BH: It has been over a year since your last ring outing. What about the ring rust, and do you feel you should get a tune up or two before going for the top of the division?
WM: I think boxers develop ring rust by not training and staying away from the gym for long periods of time. But I’m in the gym everyday. I’m always training and right now, I’m sparring with my own fighters and I sparred with Kevin Kelley for his most recent win. I was out of the ring from October 1999 until January 2002 and registered a second round KO over my opponent (Alvin Brown) in my return to the ring. It looked like I’d never been away.
BH: I would like to direct this question to your wife and manager, Cheryl McCullough. Cheryl, being his wife/manager, you know Wayne better than anybody so it would seem. What are your thoughts on the past suspension and now with the recent approval of his license?
Cheryl McCullough: I think the suspension on Wayne for six months after his fight last July was uncalled for. But we didn’t protest it and at the request of the Nevada commission, Wayne cleared every test they asked him to do. There was no medical reason for him to be suspended. We didn’t apply for a license in Nevada at the beginning of this year because we didn’t need a license. But I am actively looking to get him back in the ring before the end of the year so he needed to be licensed somewhere in the U.S. Getting a license, in my eyes, was automatic. With safety as our number one concern, we wanted Wayne to go through every test possible. He passed with flying colors and he’s now ready to take on the world once again.
BH: Is there a certain fight plan that you guys have mapped out for Wayne’s return that you could share with the readers?
CM: We don’t have a plan right now but with the wheels in motion, he could fight in late November or early December. However, if he has to wait until the New Year to fight, then so be it. He’ll be ready when the time to get back into the ring comes. I believe he can challenge and win another world title sometime next year.
BH: One last question Cheryl, without being biased, where do you see Wayne in the mix of things against the competition of today?
CM: In my opinion, there is no ‘competition’ for him in his weight division. Without being biased, I honestly believe he would beat any of the champions out there today.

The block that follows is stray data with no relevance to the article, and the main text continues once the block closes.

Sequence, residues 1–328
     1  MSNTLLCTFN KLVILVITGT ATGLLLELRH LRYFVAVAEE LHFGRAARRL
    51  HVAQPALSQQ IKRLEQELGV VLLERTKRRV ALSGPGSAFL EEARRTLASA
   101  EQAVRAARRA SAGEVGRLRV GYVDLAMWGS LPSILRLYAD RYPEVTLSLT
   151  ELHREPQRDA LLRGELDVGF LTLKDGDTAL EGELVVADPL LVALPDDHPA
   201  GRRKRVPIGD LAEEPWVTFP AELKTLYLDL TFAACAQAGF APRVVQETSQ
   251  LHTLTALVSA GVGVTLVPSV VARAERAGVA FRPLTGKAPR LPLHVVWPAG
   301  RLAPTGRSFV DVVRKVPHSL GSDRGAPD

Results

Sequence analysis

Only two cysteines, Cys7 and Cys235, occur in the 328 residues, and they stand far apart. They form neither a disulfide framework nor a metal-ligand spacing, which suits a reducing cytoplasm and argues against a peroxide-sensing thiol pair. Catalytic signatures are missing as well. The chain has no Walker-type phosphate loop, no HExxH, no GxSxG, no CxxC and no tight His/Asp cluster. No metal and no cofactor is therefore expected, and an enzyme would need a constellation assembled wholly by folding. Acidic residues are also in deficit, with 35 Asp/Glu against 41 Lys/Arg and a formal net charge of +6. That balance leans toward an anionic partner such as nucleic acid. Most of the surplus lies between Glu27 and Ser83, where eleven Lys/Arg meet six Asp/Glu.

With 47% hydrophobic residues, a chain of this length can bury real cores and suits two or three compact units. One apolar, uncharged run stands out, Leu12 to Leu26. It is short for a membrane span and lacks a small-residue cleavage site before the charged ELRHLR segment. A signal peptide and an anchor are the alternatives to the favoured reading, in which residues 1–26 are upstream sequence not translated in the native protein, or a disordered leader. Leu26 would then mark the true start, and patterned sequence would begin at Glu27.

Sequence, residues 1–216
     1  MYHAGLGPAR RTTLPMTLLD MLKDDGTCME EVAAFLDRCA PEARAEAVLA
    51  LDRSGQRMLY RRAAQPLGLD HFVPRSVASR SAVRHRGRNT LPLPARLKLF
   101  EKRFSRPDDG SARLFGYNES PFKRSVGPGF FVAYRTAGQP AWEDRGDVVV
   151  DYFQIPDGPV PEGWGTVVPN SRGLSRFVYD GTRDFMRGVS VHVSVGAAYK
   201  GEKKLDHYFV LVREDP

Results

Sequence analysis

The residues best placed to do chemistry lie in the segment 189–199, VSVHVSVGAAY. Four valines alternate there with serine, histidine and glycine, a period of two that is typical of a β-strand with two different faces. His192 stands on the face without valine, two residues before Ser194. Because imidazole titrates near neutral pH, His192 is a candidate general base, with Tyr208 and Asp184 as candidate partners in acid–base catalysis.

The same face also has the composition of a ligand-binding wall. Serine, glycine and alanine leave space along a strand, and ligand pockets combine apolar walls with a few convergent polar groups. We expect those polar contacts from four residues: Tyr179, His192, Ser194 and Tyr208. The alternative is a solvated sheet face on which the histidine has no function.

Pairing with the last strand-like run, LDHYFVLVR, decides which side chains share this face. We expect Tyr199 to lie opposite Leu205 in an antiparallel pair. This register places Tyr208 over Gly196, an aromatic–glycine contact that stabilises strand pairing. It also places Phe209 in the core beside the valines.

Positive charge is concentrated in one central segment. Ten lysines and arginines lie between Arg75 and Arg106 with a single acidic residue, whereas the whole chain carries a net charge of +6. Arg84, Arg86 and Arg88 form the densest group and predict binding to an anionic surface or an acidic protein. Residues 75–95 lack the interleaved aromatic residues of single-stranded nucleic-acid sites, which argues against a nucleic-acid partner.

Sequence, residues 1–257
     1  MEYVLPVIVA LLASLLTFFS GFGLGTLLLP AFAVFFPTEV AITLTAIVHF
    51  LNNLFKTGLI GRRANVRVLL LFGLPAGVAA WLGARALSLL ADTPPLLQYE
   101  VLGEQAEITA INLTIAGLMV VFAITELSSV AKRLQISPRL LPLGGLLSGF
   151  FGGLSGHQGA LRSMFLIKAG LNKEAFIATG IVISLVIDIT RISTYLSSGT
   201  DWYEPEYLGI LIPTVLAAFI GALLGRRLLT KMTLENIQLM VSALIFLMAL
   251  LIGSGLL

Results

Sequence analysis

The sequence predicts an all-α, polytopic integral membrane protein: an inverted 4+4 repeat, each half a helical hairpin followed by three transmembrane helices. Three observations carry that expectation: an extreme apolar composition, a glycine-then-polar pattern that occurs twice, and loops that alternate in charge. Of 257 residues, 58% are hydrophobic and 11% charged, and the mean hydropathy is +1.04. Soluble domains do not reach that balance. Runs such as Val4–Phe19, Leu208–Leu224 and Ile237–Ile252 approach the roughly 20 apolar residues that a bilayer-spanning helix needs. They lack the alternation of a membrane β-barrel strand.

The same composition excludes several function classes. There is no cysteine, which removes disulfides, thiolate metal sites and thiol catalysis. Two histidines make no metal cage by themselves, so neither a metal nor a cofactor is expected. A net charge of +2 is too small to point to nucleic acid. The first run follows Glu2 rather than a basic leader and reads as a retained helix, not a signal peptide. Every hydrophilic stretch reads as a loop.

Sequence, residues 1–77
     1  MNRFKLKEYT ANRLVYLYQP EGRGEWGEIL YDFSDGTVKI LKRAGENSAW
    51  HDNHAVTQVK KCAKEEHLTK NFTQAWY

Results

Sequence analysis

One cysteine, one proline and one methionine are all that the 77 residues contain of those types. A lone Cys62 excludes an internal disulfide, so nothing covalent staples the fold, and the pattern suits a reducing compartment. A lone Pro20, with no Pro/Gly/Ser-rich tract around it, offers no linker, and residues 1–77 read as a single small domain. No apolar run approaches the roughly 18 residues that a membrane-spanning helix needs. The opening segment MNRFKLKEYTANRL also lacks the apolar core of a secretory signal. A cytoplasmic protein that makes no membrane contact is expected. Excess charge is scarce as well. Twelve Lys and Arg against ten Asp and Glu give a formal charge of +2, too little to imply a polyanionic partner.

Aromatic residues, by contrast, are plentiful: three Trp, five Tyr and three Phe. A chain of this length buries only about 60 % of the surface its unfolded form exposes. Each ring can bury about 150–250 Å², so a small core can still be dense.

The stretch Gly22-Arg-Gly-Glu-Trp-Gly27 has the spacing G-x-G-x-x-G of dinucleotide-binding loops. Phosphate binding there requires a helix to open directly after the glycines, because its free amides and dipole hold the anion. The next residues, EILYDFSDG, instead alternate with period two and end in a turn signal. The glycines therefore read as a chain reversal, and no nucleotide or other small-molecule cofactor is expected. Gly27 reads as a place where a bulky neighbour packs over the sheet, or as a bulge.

BH: I guess this can be directed to the both of you. If there is anything you two would like to add or say in closing of this interview, please feel free to speak your candid thoughts.
WM: My wife and I have been in this boxing business for a long time. I’ve personally been in the game for over 28 years. We will always do what is best for our family. I thank the fans that have stuck by me through all these years and I hope they continue to support me until the end of my fighting career. I’ve started training four professional fighters Alex Arthur, Enrique Ornelas, Librado Andrade and Francisco Santana and I ask that my fans pass on their support to my stable of fighters now and in the future when I decide to hang up my gloves.
CM: I personally find people telling Wayne to retire a little insulting. He has always been a stand up guy in this sport. He has always done the right thing and will continue to do so. He has so much respect for this sport and wants to see it get the credit it deserves. Wayne loves boxing so much he will be in the sport until the day he dies! Thanks for all the support from this website and from the fans around the world. We appreciate each and every one of them.
I would like to thank Wayne and Cheryl McCullough for taking time out to speak to the Doghouse; your time was greatly appreciated. For more info on the ‘Pocket Rocket’ please visit: www.pocketrocketbox.com.
© Copyright / All Rights reserved: Doghouse Boxing 1998-2006